Tuesday, 27 October 2009

Weird Welsh contours

Finding weird-looking contour lines on your map and navigating over to investigate them is a great way to practice for your Mountain Leader summer award.

This weekend I went to find some on the oddly curving hillside near Drum in Northern Snowdonia.

After a quick 100m pace check I started walking on bearings through often impenetrable heather and spiky gorse with a relatively easy prominent spur edged with crags, got lost on an obvious-looking re-entrant and ended with a bowl-shaped feature.

I learned several really useful things:
  • Allow plenty of time - I picked 5 or so features and was out for 3 hours!
  • Aspect of slope is a useful tool for confirming which part of the slope you are on
  • Practice your 100m pace-count on different uphill gradients
  • A knitting counter is useful for remembering how many 100ms you have walked
  • Does anyone know a good place to put your compass if you need to use that hand and don't have a pocket? I slide mine under a backpack strap but it sometimes moves the bezel
  • Know your scale - how big is a 25m feature in real life? Will features even make it on to a 1:25,000 map with 10m contour intervals?
  • Having an ML buddy to confirm you have actually navigated to the right feature is a bonus. My friend couldn't make it in the end and it would definitely have been better with a pal
  • Don't take your non-ML friends unless they really really like you. I don't think any of mine would have followed me through all those gorse bushes!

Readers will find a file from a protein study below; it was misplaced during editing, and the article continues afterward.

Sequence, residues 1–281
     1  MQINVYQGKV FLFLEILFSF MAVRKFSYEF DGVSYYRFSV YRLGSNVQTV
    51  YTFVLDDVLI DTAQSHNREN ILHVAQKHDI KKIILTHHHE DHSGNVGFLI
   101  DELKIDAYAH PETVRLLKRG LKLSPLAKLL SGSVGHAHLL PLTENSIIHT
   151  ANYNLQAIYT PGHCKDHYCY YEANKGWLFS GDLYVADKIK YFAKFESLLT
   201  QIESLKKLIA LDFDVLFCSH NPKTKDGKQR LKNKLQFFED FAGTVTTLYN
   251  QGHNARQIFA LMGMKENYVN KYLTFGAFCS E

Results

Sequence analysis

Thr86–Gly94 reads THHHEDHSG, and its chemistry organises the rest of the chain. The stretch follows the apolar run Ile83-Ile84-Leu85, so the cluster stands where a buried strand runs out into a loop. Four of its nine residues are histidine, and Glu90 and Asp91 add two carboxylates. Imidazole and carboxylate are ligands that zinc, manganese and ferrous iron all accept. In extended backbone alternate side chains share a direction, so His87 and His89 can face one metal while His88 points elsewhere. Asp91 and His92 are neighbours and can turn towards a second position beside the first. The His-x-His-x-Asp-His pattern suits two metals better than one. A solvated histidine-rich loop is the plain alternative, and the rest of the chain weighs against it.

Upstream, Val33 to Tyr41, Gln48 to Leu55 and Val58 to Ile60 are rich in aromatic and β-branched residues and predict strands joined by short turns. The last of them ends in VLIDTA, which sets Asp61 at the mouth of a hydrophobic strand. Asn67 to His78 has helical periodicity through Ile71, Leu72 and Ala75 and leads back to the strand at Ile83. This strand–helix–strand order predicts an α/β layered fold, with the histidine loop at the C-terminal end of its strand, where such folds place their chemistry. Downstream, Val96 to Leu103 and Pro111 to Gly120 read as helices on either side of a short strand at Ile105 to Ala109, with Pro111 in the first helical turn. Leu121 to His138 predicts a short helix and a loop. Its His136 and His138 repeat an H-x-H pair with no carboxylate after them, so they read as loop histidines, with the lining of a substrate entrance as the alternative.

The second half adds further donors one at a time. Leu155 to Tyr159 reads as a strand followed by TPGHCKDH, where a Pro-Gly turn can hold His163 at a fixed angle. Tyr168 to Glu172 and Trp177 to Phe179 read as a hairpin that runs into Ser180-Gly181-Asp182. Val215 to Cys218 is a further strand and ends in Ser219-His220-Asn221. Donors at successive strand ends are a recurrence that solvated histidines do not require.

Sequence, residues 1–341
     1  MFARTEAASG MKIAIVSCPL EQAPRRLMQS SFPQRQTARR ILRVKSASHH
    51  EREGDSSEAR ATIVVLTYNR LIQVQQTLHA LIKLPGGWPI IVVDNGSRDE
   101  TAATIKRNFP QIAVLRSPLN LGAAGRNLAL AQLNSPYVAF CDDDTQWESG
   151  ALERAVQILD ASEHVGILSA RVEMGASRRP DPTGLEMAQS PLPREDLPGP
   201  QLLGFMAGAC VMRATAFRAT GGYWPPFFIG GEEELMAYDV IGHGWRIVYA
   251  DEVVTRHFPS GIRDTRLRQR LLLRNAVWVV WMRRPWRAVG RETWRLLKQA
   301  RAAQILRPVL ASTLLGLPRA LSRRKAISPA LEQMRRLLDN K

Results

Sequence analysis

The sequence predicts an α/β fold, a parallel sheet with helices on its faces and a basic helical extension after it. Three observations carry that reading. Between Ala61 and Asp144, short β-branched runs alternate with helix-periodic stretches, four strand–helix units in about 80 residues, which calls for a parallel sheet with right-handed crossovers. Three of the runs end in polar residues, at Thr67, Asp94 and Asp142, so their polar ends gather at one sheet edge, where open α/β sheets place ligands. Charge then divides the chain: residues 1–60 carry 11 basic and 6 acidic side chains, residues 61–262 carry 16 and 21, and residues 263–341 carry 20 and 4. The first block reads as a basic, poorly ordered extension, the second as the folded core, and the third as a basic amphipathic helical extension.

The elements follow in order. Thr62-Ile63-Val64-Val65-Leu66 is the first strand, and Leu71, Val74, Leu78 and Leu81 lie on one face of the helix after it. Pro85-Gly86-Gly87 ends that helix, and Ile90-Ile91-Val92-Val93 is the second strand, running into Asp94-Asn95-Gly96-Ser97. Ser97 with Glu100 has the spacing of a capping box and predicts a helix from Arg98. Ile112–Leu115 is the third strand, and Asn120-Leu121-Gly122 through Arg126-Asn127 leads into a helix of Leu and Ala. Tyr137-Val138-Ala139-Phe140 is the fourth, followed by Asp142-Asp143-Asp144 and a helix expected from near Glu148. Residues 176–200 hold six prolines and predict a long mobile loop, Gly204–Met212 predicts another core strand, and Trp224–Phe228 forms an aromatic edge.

Two of the above really stand out and I'll go through that in more detail in my next two posts.

Looking at the landscape at this level of detail was really eye-opening. I now use contours to navigate much more of the time, and practice makes you quicker at working out how long it should take you to your next destination, what you should see on the way and what you should arrive at. It needs a lot more practice, but I'm getting there.


  1. "Does anyone know a good place to put your compass if you need to use that hand and don't have a pocket?"

    If your compass has a suitable hole, you could get a lanyard and hang it round your neck. Most Suunto compasses come with a lanyard already fitted.

  2. Hi Paul,
    Thanks for the advice, my compass does have a lanyard but if I hang it round my neck it still bangs around and spins until it strangles me! When I have a jacket on it's fine as I can loop the lanyard through the pocket zip and put it in there when I'm scrambling around. The problem occurs when I have no pockets...

  3. Some lanyards have a bead that can be slid up to prevent strangulation. Banging is still a problem. If you have a zipped top on, you could zip the compass up inside. If you don't have pockets or a zipped top, there is only one solution: you must hold the compass between your teeth - as a pirate holds his cutlass.

  4. I like it! In the teeth it is. I will have to count my paces silently. Thanks Paul!